Steel cylinders and piston rings?

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Bill Shields
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Re: Steel cylinders and piston rings?

Post by Bill Shields » Tue May 01, 2018 6:57 pm

stay away from stainless no matter what.

the RINGS do not support the piston...the guide bushing / packing and crosshead do.

.010" is a minimum for me. I have models running with 0.015"...you have to allow for wear in the guide bushing / crosshead

Harold_V
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Re: Steel cylinders and piston rings?

Post by Harold_V » Wed May 02, 2018 3:20 am

While I don't have any experience with what I'm about to say, I suspect you could get away with using stainless, assuming one chose the proper grade. I'd suggest the use of 416, which can be heat treated and is exceptional in machining ability. I suspect it would serve perfectly well, especially if non-metallic rings were applied (for the bore). Once heat treated, the bore could be honed to size. As metallic rings would likely be required for the valve, an iron liner could be pressed in.

Bill's comments make perfect sense for the vast majority of stainless grades, which tend to gall easily, although corrosion would not be an issue.

H
Wise people talk because they have something to say. Fools talk because they have to say something.

rkcarguy
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Re: Steel cylinders and piston rings?

Post by rkcarguy » Wed May 02, 2018 11:09 am

400 series stainless would be preferred. I honestly think with Viton rings 316 stainless would also serve well if it was finished properly. 303 and 304 are too gummy.
I do have a question regarding lube though, how much lube is typically injected with the steam?

Harold_V
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Re: Steel cylinders and piston rings?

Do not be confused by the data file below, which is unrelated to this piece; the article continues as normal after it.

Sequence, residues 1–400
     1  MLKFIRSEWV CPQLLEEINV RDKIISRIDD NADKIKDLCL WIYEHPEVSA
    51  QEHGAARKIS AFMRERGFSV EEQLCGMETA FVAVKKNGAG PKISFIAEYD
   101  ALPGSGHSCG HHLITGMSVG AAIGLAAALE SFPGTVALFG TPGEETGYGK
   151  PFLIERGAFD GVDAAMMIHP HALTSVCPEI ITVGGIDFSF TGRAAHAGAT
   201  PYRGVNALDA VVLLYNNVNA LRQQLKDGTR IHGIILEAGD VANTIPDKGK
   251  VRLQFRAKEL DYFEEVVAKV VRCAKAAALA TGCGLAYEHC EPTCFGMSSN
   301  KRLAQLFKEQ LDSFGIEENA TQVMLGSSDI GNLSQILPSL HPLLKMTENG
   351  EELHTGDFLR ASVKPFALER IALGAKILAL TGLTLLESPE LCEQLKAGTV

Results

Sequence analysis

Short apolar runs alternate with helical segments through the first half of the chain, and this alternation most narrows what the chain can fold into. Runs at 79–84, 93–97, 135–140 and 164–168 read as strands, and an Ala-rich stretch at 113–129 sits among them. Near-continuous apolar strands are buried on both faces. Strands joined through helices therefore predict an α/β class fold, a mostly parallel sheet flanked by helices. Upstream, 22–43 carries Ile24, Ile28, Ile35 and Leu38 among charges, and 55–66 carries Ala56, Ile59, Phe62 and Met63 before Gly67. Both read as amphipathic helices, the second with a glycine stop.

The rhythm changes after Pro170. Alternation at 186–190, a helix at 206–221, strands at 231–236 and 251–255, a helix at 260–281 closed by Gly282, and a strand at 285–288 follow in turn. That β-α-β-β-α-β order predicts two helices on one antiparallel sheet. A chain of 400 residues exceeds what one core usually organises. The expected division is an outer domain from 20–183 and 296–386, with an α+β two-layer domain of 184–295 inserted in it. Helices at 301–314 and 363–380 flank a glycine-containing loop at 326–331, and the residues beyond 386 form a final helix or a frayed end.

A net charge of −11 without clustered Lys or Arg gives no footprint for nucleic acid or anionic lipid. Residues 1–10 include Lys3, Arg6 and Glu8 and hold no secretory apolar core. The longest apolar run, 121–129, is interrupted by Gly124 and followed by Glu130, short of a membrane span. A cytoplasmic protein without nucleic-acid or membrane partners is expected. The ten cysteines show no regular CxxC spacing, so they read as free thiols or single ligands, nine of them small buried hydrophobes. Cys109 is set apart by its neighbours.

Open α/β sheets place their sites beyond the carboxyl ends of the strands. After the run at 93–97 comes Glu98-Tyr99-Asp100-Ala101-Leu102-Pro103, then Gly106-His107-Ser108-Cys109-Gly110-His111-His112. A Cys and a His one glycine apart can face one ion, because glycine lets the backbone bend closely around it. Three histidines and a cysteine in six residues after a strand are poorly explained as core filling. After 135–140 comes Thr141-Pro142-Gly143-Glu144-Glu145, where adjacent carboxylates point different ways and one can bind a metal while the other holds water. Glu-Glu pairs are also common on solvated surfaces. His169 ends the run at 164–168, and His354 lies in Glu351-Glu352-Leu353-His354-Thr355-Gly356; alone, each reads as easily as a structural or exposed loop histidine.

Post by Harold_V » Wed May 02, 2018 3:10 pm

There's not enough difference (chemically) between 303/304 and 316 to make a significant difference in the problem of galling. The differences in the three alloys relates more to easy machining (303 has either sulfur or selenium included, along with phosphorus, for that reason), while 316 has a small percentage of molybdenum included to enhance corrosion resistance, which, in truth, isn't an issue for the application in question.

In reality, any of the stainless alloys could work, but it's the luck of the draw if one has issues, or not. Good fortune would be drastically enhanced if proper lubrication was guaranteed.

Bottom line---it's risky choosing pretty much any stainless if a bearing surface is part of the mix. That's why I suggested 416---it can be heat treated to limit problems, but I expect no one is willing to go that route when iron serves the purpose perfectly well, and solves pretty much all issues one might face.

H
Wise people talk because they have something to say. Fools talk because they have to say something.

darjeeling
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Re: Steel cylinders and piston rings?

Post by darjeeling » Wed May 02, 2018 4:01 pm

As per the threads on this subject of piston rings, there are many ways to make them together with different materials, as we all know.
Many years ago I was shown a cast iron CLUPIT made piston ring. They look like a key ring with no gaps open to leakage and in most cases will take up to a 1mm of wear without any leakage problems. I have used these in the 4" scale Darjeeling locomotive as seen in the US 'Live Steam' magazine some years back. I have continued to use them in two further locomotives with great results. They give a perfect seal and should last the life of the engine working in cast iron cylinders, with good lubrication. I also understand many vintage cars are being fitted with them.


Safe steaming------------ John Heald, New Zealand

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